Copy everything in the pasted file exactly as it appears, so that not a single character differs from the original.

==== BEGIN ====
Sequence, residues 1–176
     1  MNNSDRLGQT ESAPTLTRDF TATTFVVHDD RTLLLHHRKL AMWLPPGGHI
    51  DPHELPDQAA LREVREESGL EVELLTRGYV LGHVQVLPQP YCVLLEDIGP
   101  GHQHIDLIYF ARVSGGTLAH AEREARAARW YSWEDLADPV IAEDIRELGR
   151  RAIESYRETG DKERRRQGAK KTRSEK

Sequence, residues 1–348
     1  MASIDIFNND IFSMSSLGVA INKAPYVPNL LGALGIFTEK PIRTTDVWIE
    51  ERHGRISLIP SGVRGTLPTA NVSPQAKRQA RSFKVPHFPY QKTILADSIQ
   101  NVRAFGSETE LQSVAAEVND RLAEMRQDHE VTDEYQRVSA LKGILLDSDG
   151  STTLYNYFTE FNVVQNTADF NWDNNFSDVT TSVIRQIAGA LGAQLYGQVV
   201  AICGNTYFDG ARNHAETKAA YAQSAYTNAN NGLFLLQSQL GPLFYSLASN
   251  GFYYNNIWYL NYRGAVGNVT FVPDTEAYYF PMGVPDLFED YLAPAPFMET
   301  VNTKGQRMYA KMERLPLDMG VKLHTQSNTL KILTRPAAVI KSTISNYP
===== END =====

Sequence, residues 1–176
     1  MNNSDRLGQT ESAPTLTRDF TATTFVVHDD RTLLLHHRKL AMWLPPGGHI
    51  DPHELPDQAA LREVREESGL EVELLTRGYV LGHVQVLPQP YCVLLEDIGP
   101  GHQHIDLIYF ARVSGGTLAH AEREARAARW YSWEDLADPV IAEDIRELGR
   151  RAIESYRETG DKERRRQGAK KTRSEK

Sequence, residues 1–348
     1  MASIDIFNND IFSMSSLGVA INKAPYVPNL LGALGIFTEK PIRTTDVWIE
    51  ERHGRISLIP SGVRGTLPTA NVSPQAKRQA RSFKVPHFPY QKTILADSIQ
   101  NVRAFGSETE LQSVAAEVND RLAEMRQDHE VTDEYQRVSA LKGILLDSDG
   151  STTLYNYFTE FNVVQNTADF NWDNNFSDVT TSVIRQIAGA LGAQLYGQVV
   201  AICGNTYFDG ARNHAETKAA YAQSAYTNAN NGLFLLQSQL GPLFYSLASN
   251  GFYYNNIWYL NYRGAVGNVT FVPDTEAYYF PMGVPDLFED YLAPAPFMET
   301  VNTKGQRMYA KMERLPLDMG VKLHTQSNTL KILTRPAAVI KSTISNYP